We are pleased to offer the following break out sessions for our November 5 event. If you joined us before, welcome back. If you are new to the group, welcome. We are happy you are here.
We have created this program to be deliberately scaffolded. There is a session for people newer to social justice education, other sessions for those just dipping their toes into this field, and even sessions for veterans of this critical work. Regardless of your position on your social justice journey we hope to provide meaningful support to you.
Equitable Family Engagement through the Lens of Social Justice
As educators, we should always be increasing, sustaining, and understanding systemic capacity within the educational system. The system should create ways to improve outcomes for our students and to further improve communication efforts with their parents, guardians, and significant others. Engaging with our students’ families can support our efforts in the classroom, virtually, and in our communities. During this presentation, together, we will examine and exchange ways we can address and understand social justice initiatives in providing equitable family engagement and involvement in our educational institutions.
Dr. Donna Randolph holds degrees in Education and Leadership and Policy Studies. She has been a Special Education teacher, supervisor, and principal both in the public and private sectors.
Dr. Randolph was conferred her doctoral degree in Higher Education-Leadership and Policy Studies from California State University, Northridge. Her dissertation focused on underrepresented students and research opportunities. Dr. Donna continues research with underrepresented high school and college students, social justice initiatives, and strategic life interventions. Also, her organization-My New Journeys- assists parents with advocacy and educational institution issues, service learning and community service strategies, social justice advocacy, and strategic pathways to post-secondary opportunities.
Donna’s expertise lies in personal development strategies for adults and teens, parent engagement topics, assisting parents in finding higher education and career opportunities, and professional development training.
Dr. Donna raised four children as a single mom and is a proud grandmother of two granddaughters. She is proud Millersville University alumni and serves on the Alumni Board.
It Takes A Village: Supporting and Empowering Our Students Through Cultural Trauma
It is now clear that we are facing two pandemics in America, COVID-19 and structural racism. Over the past months we have seen COVID-19 exacerbate existing inequities, and oppressed communities rise to challenge the systems that perpetuate institutional racism. As Coronavirus continues to disproportionately affect Latinx and African Americans and protests are happening globally calling for an end to injustices faced by the Black communities, educators are ramping up for a school year unlike any other. How can we as educators provide holistic and culturally-competent support to our Black and Latinx students during such a tumultuous time? Through intersectionality and a trauma-informed approach, that will empower them and promote healing. This particular workshop will focus on how educational leaders can approach courageous conversations surrounding identity, racism, and trauma. It will also discuss inclusive interventions that intersect culture and education at its core to promote equity and success inside the classroom.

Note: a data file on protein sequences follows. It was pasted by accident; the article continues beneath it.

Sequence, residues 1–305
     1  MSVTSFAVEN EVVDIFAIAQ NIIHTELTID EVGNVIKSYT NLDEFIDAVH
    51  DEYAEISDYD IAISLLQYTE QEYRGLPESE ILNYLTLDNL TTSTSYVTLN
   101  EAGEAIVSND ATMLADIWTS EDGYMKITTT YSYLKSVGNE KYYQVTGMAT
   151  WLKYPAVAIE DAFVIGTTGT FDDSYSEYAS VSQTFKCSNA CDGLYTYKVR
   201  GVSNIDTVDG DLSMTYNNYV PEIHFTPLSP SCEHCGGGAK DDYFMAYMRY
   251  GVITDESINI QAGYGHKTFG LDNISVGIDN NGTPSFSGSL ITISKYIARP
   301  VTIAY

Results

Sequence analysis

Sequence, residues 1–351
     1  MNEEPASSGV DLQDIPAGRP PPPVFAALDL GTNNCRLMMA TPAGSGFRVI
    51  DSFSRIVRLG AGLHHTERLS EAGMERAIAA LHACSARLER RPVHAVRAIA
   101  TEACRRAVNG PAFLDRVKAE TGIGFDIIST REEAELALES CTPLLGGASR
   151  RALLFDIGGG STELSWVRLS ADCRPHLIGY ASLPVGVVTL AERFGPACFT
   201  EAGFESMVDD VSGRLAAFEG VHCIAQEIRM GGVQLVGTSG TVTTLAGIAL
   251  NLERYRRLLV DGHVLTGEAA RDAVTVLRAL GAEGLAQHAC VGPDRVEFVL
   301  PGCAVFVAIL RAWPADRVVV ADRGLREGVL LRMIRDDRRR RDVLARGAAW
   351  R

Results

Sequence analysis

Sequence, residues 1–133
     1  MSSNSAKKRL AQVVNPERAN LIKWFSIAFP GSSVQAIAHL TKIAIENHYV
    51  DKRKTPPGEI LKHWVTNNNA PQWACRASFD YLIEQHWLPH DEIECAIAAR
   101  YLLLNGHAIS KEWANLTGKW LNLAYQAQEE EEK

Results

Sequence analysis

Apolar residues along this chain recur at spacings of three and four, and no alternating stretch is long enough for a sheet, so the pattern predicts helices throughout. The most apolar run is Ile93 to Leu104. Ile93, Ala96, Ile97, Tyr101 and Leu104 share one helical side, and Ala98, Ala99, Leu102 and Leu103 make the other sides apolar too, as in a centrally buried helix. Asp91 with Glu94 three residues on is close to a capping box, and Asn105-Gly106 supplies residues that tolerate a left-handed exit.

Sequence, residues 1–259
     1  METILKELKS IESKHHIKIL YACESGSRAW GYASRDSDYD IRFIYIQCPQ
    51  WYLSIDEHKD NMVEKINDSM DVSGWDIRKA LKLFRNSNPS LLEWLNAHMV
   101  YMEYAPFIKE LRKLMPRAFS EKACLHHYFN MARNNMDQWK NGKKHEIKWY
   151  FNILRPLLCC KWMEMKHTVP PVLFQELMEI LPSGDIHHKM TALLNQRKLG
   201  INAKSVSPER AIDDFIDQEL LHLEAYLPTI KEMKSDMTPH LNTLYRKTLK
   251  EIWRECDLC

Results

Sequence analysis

TaLisa Ramos-Watts, MSW, LSW currently serves as the Diversity and Inclusion Officer in the Office of Diversity and Social Justice at Millersville University. Prior to coming to Millersville University, TaLisa spent much of her time developing and implementing multicultural mentorship and academic support programs at various collegiate institutions, increasing ALANA (Asian-American, Latinx, African-American & Native American) students’ success and retention rates. For the past twelve years TaLisa has worked in both higher education and mental health care settings, providing culturally competent and holistic services and trainings. TaLisa continues her work in the mental health field as a Clinical Psychiatric Specialist at the Pennsylvania Psychiatric Institute, spending many of her years as a Care Coordinator on the Child & Adolescent units. Her major areas of therapeutic focus are trauma-informed care, cultural trauma, and identity development.
The Journey to Equity, Critical Consciousness and Social Justice
In this interactive ZOOM session, we will begin with a thought-probing poem followed by a short introduction. All participants will be engaged through the following questions.
- What do the terms in our title mean for you?
- What is your story on this Journey and what does it mean to be an American?
- What does this mean for the children and adults with whom you teach or engage?
- What does it mean for our schools and districts?
- How do we navigate hostile territories?
- What would you like to change and why?
Handouts on meaningful dialogues and readings will be available.
Mr. Howard Hanson, Assistant Principal, McCaskey H.S. Lancaster School District and Dr. Cheryl Desmond, Professor Emerita, MU; recently retired Board Director, SDL